October 23, 2019
PUBLISHED BY Geoffrey Moore
Let’s be clear–capitalism is not going to end any time soon.
It is, however, entering a new phase, and the secular changes under way are creating unexpected outcomes in both the financial markets and the job markets, ones that can roil society as a whole. We all need to step back for a moment to weigh the impact of these trends on our collective future. Here’s one perspective on the emerging landscape.
Historically, capitalism came to the fore as the critical enabler of industrialization. Industrial economies are asset heavy, not only in terms of manufacturing infrastructure, but also in terms of carried inventory and brick-and-mortar distribution. If you are going to industrialize, you need enormous infusions of capital. It should not be surprising, therefore, that the primary focus of the capitalist system is to generate more capital. Out of that imperative grew a set of management values that make delivering investor returns the preeminent responsibility of the executive team, with board governance to ensure that it is fulfilled.
In free markets today, this system is virtually universal, and wherever economies are still industrializing, it continues to serve its primary purpose well. But many sectors of the global economy, including all of the fastest growing ones, have already transitioned into a post-industrial phase.
The World Economic Forum calls this phase the Fourth Industrial Revolution, but that is a misnomer. It should instead be called the First Digital Revolution. Prior eras of digital disruption were focused on making the industrial economy more efficient. That accounts for the First, Second, and Third Industrial Revolution in the WEF model. But this latest development is actually anti-industrial. It prefers bits over atoms, bots over jobs, and free shipping over retail locations.
Compared to industrial economies, digital enterprises are markedly more asset light. They still need capital, but, with the exception of the mega-utilities that enable the core of the digital economy, it takes much less to generate an equivalent cash flow. Capital, in other words, is no longer the scarcest ingredient in their economic success formula. Nonetheless, we continue to manage them as if it were.
As a result, more and more capital is accumulating on the sidelines. The owners of this capital quite naturally want to put it to work. They would prefer to do so in fast growing businesses in nation states governed by the kind of rule of law that protects private investors. There are plenty of enterprises that fill this bill, but the supply of capital to meet their needs far exceeds the demand.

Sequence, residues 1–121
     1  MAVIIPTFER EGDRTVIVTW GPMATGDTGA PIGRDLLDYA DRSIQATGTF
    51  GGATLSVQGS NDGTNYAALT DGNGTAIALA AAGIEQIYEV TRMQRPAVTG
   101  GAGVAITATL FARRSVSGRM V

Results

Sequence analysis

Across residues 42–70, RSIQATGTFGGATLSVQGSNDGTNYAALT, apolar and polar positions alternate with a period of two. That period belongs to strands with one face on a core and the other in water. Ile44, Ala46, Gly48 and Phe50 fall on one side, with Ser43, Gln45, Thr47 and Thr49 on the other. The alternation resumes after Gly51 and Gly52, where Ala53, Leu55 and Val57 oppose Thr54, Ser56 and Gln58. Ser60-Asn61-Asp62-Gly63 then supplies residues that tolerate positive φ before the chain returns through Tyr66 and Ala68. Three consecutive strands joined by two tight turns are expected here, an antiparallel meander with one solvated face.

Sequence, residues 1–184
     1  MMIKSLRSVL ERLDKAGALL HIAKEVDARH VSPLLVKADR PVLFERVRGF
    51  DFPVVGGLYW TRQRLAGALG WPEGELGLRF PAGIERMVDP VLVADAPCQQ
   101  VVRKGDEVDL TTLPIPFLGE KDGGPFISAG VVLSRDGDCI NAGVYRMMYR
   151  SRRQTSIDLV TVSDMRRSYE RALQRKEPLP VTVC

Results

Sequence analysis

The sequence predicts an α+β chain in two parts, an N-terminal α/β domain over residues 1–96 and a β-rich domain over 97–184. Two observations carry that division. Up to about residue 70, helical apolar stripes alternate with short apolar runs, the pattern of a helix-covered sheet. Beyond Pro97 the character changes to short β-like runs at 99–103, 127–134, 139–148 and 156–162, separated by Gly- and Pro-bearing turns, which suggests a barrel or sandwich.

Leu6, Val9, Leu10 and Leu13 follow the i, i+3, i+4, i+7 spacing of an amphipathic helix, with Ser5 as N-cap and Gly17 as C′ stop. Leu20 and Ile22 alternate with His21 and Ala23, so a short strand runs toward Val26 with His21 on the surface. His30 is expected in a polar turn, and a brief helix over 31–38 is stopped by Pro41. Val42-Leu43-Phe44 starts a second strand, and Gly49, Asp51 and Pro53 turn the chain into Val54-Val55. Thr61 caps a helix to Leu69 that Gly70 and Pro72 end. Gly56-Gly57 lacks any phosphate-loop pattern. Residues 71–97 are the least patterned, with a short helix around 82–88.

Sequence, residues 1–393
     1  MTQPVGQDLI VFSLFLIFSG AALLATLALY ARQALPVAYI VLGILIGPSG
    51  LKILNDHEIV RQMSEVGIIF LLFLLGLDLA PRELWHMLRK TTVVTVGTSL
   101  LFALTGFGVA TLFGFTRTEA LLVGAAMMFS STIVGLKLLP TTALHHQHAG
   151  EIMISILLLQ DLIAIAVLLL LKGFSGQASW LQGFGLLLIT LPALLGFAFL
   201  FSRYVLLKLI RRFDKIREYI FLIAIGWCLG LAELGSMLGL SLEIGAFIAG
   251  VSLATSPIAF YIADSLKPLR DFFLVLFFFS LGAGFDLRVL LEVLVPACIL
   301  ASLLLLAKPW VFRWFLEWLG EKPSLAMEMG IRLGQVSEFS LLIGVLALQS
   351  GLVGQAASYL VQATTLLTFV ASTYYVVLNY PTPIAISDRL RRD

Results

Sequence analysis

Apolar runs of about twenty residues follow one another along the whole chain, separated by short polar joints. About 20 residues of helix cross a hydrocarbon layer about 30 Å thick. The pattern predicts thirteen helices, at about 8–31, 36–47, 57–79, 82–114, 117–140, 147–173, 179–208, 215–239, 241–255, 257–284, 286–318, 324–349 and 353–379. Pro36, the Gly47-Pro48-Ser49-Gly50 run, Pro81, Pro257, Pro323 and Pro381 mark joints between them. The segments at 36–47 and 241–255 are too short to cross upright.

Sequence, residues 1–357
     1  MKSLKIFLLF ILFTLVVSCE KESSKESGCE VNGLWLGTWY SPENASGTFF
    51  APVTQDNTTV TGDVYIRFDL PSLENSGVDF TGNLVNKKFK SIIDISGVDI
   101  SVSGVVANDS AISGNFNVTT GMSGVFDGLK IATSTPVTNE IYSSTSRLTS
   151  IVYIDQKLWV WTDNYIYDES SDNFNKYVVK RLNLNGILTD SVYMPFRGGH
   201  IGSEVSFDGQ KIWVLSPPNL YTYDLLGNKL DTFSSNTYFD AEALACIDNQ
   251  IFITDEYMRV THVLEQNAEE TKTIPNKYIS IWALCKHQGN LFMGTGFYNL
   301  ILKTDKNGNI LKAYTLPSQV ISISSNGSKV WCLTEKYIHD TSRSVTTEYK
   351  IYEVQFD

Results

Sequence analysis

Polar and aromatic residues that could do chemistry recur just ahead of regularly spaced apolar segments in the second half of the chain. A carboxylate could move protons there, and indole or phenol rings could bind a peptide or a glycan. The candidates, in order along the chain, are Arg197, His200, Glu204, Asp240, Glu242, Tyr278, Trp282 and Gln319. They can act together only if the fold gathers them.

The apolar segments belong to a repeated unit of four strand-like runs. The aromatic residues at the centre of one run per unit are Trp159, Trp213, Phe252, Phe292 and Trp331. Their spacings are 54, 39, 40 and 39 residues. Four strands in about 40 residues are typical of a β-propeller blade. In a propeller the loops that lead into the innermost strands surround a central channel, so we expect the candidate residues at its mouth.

This has resulted in some increasingly dysfunctional trends in financial markets, including the following:
- An increasing disconnect between private and public company valuations, driven in part by mega-funds putting huge amounts of money into ventures that are still highly speculative. We might call this movie “Desperately Seeking Alpha.”
- A reckless management style that accepts way too much capital, using it to fund increasingly improbable forays into barely emerging categories and radically unproven business models, all without the infrastructure or culture to support operations at scale.
- A ludicrously corrupted interpretation of the venture capital model that includes raising multi-billion-dollar funds to support $30 million “seeds.”
- An IPO market that has no interest in adopting the deformed offspring of this movement, resulting in extraordinary write-downs, be they pre- or post-IPO.
These disconnects, no doubt, will sort themselves out over time, but they raise fundamental questions for which we need better answers. These include:
- If capital is not the scarce ingredient in the digital economy, then what is? Two promising candidates are customer engagement to support the as-a-service business model and unique nexus data to support differentiated digital actions. The first of these is exemplified by Facebook, the second by Google, and the two combined by Amazon. But every digital enterprise must find some way to create a sustainable competitive advantage based on factors like these.
- If investor interests are no longer the highest priority for enterprise management, then whose are? Here we are already seeing a consensus emerge around a more balanced approach to stakeholder interests, focusing first on customers, then on employees, and extending out to the communities that host and house them. Investor interests are still in the mix, but this rebalancing shines a brighter spotlight on mission, vision, and values, as a counter-balance to a laser focus on delivering growth, profits, and return on invested capital.
- If risk-adjusted returns on investment capital are undergoing a secular decline, then how should large-scale investors adapt to this change? I have no good answer to this question. My biggest concern is that neither do they, and thus they will continue to follow the same playbook until it takes them off a cliff. Among other casualties, this would put pension systems and other safety net programs around the world deeply at risk—indeed, I would argue it already has.
Read Geoff’s original post on LinkedIn here.